The study, which will be published in the February issue (Volume 14 Issue 2) of the journal Structure, was led by Ian A. Wilson, D.Phil., of Scripps Research Department of Molecular Biology and The Skaggs Institute for Chemical Biology, and Kim D. Janda, Ph.D., of Scripps Research Departments of Chemistry and Immunology and The Skaggs Institute for Chemical Biology.
Despite intensive research, cocaine abuse continues to be a major public health problem, so far eluding efforts at developing an effective therapeutic agent to counter the craving, addiction, and overdose of the drug. To date, no treatment has been approved by the Food and Drug Administration (FDA).
Commenting on the new findings, Xueyong Zhu, Ph.D., the primary author of the study and a staff scientist in the Wilson laboratory said, "Development of effective therapies for cocaine abuse has been a long-standing goal, and a number of medications under study do show some promise. Immunopharmacotherapy has been proposed as a way to neutralize the drug outside the central nervous system- basically soaking up the drug before it has a chance to cross the blood brain barrier-as a potentially effective new approach to treat cocaine abuse."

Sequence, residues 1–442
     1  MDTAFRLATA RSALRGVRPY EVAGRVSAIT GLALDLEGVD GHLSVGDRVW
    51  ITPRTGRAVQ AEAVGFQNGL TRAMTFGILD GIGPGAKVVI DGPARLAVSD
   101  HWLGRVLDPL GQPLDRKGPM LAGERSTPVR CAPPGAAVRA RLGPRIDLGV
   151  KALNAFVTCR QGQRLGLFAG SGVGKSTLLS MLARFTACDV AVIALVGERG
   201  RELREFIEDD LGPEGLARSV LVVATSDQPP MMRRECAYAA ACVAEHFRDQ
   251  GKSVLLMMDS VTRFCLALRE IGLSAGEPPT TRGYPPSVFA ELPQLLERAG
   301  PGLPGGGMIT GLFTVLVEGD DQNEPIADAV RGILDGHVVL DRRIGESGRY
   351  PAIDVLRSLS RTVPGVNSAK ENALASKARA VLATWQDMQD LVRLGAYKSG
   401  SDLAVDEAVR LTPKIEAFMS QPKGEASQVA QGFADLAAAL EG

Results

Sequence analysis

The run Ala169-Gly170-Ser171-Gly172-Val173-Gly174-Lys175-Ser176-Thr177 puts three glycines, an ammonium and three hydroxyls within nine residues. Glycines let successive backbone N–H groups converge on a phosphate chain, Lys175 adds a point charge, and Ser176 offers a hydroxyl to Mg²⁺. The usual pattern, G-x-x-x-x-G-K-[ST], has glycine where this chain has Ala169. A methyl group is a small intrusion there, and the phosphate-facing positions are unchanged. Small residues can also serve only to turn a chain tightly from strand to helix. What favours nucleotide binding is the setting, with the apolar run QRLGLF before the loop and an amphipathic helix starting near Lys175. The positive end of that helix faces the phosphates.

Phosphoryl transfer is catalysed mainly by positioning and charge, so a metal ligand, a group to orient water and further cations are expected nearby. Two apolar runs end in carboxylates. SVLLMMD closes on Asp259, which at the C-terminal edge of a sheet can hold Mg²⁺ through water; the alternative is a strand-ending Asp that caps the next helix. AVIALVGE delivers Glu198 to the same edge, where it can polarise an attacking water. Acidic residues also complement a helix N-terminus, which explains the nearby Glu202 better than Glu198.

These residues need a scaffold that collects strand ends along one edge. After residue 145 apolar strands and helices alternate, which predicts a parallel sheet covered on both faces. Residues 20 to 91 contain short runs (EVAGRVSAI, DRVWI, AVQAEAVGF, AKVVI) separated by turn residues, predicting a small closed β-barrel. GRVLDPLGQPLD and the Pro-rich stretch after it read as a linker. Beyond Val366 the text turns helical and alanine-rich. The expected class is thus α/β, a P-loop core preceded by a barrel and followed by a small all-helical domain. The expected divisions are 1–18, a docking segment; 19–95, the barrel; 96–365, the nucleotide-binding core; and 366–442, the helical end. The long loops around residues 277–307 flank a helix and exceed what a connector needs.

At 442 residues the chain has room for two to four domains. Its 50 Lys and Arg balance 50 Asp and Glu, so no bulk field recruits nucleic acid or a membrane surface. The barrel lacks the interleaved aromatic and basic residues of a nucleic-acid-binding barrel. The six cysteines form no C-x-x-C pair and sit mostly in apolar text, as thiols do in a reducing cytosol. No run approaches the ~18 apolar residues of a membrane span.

Using a monoclonal antibody endowed not only with high binding ability, but also with sufficient catalytic activity to metabolize cocaine, would have potentially enhanced therapeutic effects, Zhu said. This antibody could intercept cocaine in the blood stream before it reaches the central nervous system-stopping the drug cold. Because cocaine has a half life of approximately 30
Source:Scripps Research Institute